An Open Letter to Susan Gaertner from Dave Mahoney's Mom

Originally published on Help Dave Mahoney.

The following is an open letter written by Susan Mahoney, whose son David Mahoney was arrested at the Republican National Convention protests in 2008 and is facing inflated charges of "terrorist threats." The letter is written to Susan Gaertner, the St. Paul, MN prosecuting attorney.


"My name is Susan Mahoney. I am the mother of David Mahoney, who is due to stand trial accused of assault in the second degree and terroristic threats, arising from the Republican National Convention of September 2008.

Since David was arrested on September 4th, I have been finding out as much as I can about the RNC and its aftermath. As well as David’s first-hand account of events, I have watched hours of video footage and read much of the extensive media coverage, as well as numerous websites, blogs and the Heffelfinger Luger report.

Participatory Society: Urban Space & Freedom by Chris Spannos

Originally published on ZNet:

[A variation of this talk was delivered today, Friday, May 29th at the B-Fest in Athens, Greece. The gathering is an international anti-authoritarian festival hosted by the Babylonia newspaper, at the University of Fine Arts in Athens, from May 27-31. The purpose of the gathering is to explore vision and strategy after last December's social uprising there.]

Defining Anarchist Art: Gleanings from a Roundtable on Realizing the Impossible

Realizing the Impossible

Josh MacPhee:

We put together Realizing the Impossible because we wanted to read a book that explored the relationships between art and anarchism in a myriad of diverse ways, but it just didn’t exist. That’s often the reason people put out books, because they want to read something and they can’t find it, so they try to bridge the gap. Relationships between art and anarchism are an under-explored subject. While there are a lot of anti-authoritarians producing artwork, there’s not a lot of intellectual work theorizing how that art exists in the world, and how it’s different from what other political cultures have produced.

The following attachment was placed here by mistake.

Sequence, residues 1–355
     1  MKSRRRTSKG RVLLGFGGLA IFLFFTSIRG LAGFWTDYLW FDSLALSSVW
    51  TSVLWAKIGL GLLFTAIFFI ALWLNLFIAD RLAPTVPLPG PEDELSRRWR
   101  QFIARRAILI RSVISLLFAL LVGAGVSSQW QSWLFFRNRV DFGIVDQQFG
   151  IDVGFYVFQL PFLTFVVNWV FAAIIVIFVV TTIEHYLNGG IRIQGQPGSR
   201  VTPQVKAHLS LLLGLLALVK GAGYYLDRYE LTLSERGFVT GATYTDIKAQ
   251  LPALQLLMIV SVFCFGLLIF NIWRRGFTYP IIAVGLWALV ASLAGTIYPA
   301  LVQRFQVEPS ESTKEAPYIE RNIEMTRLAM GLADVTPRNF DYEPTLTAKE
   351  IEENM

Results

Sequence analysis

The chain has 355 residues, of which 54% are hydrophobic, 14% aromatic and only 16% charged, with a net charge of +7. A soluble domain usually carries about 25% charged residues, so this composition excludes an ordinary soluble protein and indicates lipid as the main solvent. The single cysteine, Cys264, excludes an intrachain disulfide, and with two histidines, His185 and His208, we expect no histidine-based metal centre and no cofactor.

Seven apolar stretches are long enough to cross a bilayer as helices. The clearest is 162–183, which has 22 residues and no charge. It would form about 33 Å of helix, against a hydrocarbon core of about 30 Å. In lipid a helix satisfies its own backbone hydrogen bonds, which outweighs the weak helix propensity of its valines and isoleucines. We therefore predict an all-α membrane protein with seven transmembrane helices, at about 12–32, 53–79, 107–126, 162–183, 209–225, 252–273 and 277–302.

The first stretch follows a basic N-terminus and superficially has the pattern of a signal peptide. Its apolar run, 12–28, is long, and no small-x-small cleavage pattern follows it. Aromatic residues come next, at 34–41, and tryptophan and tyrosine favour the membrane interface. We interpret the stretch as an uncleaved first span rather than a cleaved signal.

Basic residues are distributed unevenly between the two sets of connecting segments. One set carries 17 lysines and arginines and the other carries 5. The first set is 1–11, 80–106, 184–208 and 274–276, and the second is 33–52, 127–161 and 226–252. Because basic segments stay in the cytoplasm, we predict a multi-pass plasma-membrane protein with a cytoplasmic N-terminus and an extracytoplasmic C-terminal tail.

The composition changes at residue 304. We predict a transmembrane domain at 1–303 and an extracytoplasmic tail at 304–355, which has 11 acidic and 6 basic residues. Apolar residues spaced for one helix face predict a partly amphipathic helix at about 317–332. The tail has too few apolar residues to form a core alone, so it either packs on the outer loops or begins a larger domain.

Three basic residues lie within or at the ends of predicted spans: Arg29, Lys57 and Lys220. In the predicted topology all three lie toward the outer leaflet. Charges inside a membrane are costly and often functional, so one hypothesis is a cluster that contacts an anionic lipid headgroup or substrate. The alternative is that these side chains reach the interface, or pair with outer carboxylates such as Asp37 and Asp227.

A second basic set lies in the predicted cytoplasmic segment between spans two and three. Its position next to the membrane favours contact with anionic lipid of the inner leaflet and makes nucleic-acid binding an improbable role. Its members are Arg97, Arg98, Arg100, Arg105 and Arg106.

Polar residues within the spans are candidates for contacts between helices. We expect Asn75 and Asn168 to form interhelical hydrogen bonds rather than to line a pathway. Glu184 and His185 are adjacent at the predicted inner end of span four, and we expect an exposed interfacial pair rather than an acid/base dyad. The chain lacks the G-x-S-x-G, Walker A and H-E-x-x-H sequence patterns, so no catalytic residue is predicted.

As with all left social movements, in anarchist activism there is an antagonism towards art as a result of the idea that social transformation comes from the difficult and tireless work of organizing and activism, and art is something that needs to be pushed to the side when “real work” needs to get done. Realizing the Impossible is a collection of writings, art, and interviews that argue against that idea, and demonstrate that cultural work is not a side show, but a main event. A look at history will show that most dramatic social transformations have had strong cultural components.

Realizing The Impossible, Reviewed by Alan Moore

Realizing the Impossible

Josh MacPhee and Erik Reuland, eds. 2007
Realizing the Impossible: Art Against Authority
AK Press, Oakland and Edinburgh

by Alan W. Moore

The volume reviewed here bespeaks an exciting upsurge of attention to a world of dynamic, committed artistic practices, past and present. Realizing the Impossible, a collection edited by Josh MacPhee and Erik Reuland, is largely a book on contemporary art, exploring politicized artistic practice now and in the recent past. It surveys radical art and art-making communities from around the world; the investigation spans a range of work, including those rooted in traditional genres, as well those which have created their own language of analysis. Realizing also recognizes the substantial part of the debt owed to international perspectives. It is constructed as a series of historical essays and close personal interviews, providing critical discussion and first-person experiential accounts of the pursuit of an “anarchist aesthetic.”

A Brief Chat with Harjit Singh Gill

Orginally published on Everything Is Dangerous.